Besides anything else, I believe a healthier future for horseracing would involve a greatly reinvigorated Tote, aggressively promoting a lower-margin/higher-turnover product. The Tote really needs to get its act together, for the good of racing, besides anything else.

    I bet a great deal more now than I ever did, mostly due to Betfair's own low-margin/high-turnover product. I actually think I might give up betting on UK racing altogether if I had to go back to the bad old days whereby there was no alternative to betting at exorbitant percentages with High St bookies.

    The opposite of a low-margin/high-turnover product is a high-margin/low-turnover product. And the extreme example of the latter could be a turnover which is a big fat zero.

    A Levy on turnover, rather than on profits, would be catastrophic for punters and would hand the game back to bookmakers to preside over the death throes of the sport.

    What Betfair charges in commission is its own commercial choice and not something that can be imposed upon it by an outside body. As with racing itself, Betfair should be mindful - I am sure it is - of the dangers of charging its customers too much or of taking those customers for granted.

    While a Levy based entirely on turnover is a no-no, I wonder whether there is merit in a windfall tax on all single-bet winnings of over, say, £1000.

    Whatever is decided, it is absolutely clear that it cannot discriminate against a certain betting platform just because it runs its affairs more efficiently and more transparently than its competitors. It has to be applied fairly and across the board.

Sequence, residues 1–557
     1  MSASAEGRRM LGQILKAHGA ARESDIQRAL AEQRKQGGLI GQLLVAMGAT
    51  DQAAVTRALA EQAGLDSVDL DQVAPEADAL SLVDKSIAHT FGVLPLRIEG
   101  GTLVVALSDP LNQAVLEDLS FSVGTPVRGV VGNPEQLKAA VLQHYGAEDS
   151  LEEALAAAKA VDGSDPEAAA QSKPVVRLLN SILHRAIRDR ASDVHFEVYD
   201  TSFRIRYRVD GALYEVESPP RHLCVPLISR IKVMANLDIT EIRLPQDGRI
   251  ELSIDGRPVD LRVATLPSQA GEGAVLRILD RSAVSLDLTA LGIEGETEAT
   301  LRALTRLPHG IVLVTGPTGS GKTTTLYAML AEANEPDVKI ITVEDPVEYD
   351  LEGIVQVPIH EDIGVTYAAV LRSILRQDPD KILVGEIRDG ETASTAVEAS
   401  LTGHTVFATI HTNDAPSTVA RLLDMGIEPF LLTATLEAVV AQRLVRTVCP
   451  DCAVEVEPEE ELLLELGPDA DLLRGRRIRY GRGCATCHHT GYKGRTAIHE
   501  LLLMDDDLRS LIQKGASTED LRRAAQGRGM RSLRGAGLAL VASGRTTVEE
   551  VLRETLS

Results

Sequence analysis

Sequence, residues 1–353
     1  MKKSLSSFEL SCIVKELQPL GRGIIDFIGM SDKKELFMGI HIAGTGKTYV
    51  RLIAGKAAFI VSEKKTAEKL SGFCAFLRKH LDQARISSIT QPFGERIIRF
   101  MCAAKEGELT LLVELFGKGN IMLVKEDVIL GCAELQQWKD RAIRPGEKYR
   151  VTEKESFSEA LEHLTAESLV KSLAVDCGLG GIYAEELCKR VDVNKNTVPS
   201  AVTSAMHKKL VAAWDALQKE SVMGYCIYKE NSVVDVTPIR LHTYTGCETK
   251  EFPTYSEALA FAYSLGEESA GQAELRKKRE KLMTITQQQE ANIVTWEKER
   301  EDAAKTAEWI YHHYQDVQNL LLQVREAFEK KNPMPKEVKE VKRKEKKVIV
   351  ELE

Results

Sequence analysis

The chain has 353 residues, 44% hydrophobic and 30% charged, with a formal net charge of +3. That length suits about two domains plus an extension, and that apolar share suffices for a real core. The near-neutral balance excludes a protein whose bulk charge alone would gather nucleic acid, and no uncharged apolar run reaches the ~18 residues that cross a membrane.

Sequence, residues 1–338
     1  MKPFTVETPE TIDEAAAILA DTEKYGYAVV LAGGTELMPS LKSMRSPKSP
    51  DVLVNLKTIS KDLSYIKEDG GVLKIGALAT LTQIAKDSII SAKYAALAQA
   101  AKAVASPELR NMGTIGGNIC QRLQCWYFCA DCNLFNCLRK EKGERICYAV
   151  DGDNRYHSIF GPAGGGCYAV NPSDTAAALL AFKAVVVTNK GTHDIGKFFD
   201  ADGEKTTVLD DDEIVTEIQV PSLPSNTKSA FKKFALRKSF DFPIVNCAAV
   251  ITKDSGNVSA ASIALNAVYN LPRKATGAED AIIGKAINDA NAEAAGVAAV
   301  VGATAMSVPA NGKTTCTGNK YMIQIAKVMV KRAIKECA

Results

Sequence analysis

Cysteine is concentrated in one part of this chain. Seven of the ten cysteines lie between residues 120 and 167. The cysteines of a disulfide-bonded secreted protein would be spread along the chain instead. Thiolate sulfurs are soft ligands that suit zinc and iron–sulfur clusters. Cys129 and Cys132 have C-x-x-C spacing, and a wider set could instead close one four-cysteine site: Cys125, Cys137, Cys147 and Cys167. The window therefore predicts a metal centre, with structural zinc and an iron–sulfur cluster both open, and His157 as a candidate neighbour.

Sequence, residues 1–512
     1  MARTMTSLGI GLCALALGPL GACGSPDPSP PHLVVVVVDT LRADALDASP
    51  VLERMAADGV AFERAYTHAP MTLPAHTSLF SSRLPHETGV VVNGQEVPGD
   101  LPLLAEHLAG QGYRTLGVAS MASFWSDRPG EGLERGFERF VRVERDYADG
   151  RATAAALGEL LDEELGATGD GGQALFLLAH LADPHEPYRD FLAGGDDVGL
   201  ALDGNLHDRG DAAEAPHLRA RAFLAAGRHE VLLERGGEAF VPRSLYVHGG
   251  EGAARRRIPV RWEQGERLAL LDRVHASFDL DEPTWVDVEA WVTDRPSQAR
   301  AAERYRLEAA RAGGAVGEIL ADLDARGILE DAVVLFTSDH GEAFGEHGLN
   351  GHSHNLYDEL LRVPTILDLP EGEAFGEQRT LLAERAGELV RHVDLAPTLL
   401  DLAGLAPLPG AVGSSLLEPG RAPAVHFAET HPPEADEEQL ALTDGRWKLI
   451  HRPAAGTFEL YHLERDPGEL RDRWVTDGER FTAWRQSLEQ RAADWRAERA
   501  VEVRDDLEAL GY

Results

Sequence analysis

Fortunately, no matter how much some at the BHA would wish otherwise, that is what all previous rulings have found as well.

    And a healthy future for horseracing should see it recognising the claims and requirements of punters, and not just special-pleading groups from within the sport.

    But I will stop banging that particular drum for now, as I seem to have about as much chance of succeeding in this as Paul Roy has of securing £150m for racing in the next Levy settlement.


  3. Simon Rowlands | 05 October 2010

    Someone got in touch to point out that "the Levy is "A mechanism for transferring funds from the business of betting on horseraces to ‘horseracing’ in a broad sense" in the words of Government. In other words, it's a payment for the right to take bets. In other words, it's not subsidy."

    A mistake (or more accurately a piece of cheekiness) on my behalf that I am happy to correct now.